Molly Redden’s essay in the New Republic about the waning of Democratic centrists may be off-base in its examples—Christine Quinn’s deficiencies as a candidate competed with her ideological positioning as a source of her troubles, and Bill Daley’s withdrawal from the Illinois Governors’ race can hardly be attributed to a leftist backlash when he was running ahead in the polls—but her premise is certainly not one an expatriate former Democrat like myself would argue. In fact, I will use her observations to go one step further: the declining appeal of centrism in Democratic politics is not only tactically relevant to candidates, it is about to become just as culpable from a policy shaping standpoint as the much more heralded implosion of the old governing “establishment” wing of the Republican Party.
To be sure, Redden and her like-minded colleague Noam Scheiber aren’t spending much anxiety on the erosion of Democratic social conservatism, but they are highlighting that essentially one economic world view is tenable within internal Democratic fights. The tenets are that the inequitable distribution of wealth is the dominant economic threat; an aggressively regulated marketplace promotes fairness in a manner that overshadows any costs to innovation or growth; and the only adequate response to more systemic conditions like high unemployment and poverty is an assertive infusion of public dollars. In practical campaign terms, this means a candidate with a record of alliances with corporate institutions will need to spend time disgorging any rhetoric that helped forge those ties (for example, the Cory Booker who 16 months ago was defending private equity’s capacity to invest in underserved neighborhoods has morphed into the soon to be senator whose stump speech laments the failure to hand down prison sentences to Lehman executives); and a Bill de Blasio will have a built-in advantage over a more pro growth oriented message even without the special circumstances of identity politics around his mayoral nomination in New York City.
But the demise of the corporatist sensibility in Democratic politics has arguably spilled into an aversion to the reform minded brand of politics that was until recently an underpinning of both the party’s strategic and policy framework. This plays out most decisively in the context of entitlements. There is a near universal consensus among Democratic politicians and elites that the current entitlement structure is morally and fiscally sound enough that a genuine overhaul is neither desirable nor necessary: a sharp movement from the Simpson Bowles approach a notable number of Democratic thought leaders praised in 2011 and a lifetime of difference from some of the thought experiments of the late Clinton era.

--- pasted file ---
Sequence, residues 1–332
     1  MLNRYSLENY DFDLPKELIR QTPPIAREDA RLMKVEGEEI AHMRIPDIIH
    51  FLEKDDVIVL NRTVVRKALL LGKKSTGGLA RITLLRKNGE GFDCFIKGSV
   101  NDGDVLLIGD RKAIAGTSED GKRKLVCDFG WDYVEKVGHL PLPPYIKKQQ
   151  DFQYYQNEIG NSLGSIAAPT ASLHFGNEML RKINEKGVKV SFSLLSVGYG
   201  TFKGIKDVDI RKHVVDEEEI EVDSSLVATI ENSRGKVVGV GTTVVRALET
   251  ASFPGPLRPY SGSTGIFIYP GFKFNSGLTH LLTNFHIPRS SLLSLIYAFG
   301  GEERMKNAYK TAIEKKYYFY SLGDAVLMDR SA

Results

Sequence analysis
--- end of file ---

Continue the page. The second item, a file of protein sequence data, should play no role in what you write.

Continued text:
The same antipathy to reform surfaces in the disappearance of the old Robert Kennedy critique of bureaucratic anti-poverty institutions, and in the field of education reform, where accountability and strengthened teacher standards are about as unpopular among today’s Democrats as vouchers or parental choice; that is to say, almost toxic. And, as fellow right-leaning reformers like Reihan Salam and Ross Douthat might point out, there is no meaningful discussion in contemporary liberalism of the kind of pro family tax reform that would advantage major portions of the Democratic Party’s low wage base; and it is conservative pundits who are churning out proposals to make the earned income tax credit more flexible or to permanently reduce FICA taxation on the working poor.
So, what is left is a Democratic orthodoxy which taken at its most serious point intellectually, distrusts institutional reform as a wedge in the door for conservatives who don’t share the underlying values behind the programs they are seeking to change; at its most shallow, it is the politics of client group liberalism, which trades off a public vision for the sum total of the aspirations of the factions turning out the votes and raising the money. Under either version, the Democratic Party is actively in the process of disinheriting it’s best post civil rights contribution—namely, a centrism that knew how to augment wealth and reduce poverty at the same time and that provided at least an occasional partner for creativity from the right on subjects like welfare and public education.
That liberal commentators like Scheiber and Redden and Peter Beinhart are taking a stab toward acknowledging this trend, without viewing it as the potential calamity that I do, is a welcome development. It adds a new texture to the narrative about the collapse of the Republican center being the decisive development in the Obama era. And their observations corroborate what anyone who has run a Democratic campaign can attest: as much as the most engaged wing of the Republican electorate is its economic libertarian, death-to-compromise constituency, it is the leftist mirror image, with its own reactionary critique of the center, which supplies the heart and soul of the Democratic Party’s turnout base. (See Peter Beinart’s slightly different but similar argument that the millennial generation is the most radicalized part of the Democratic universe and it will only grow in influence).
I’ll save for another day the issue of how Republicans could do a much more adept job of exploiting the rising tensions in the Democratic camp, and how a reform oriented conservative politician might go about picking off the voters who are more torn than ideologues in either party about the complexities of modern governance. But for now, it’s enough to point out that two parties and not just one are being driven by internal forces to divorce the middle ground that most Americans still occupy.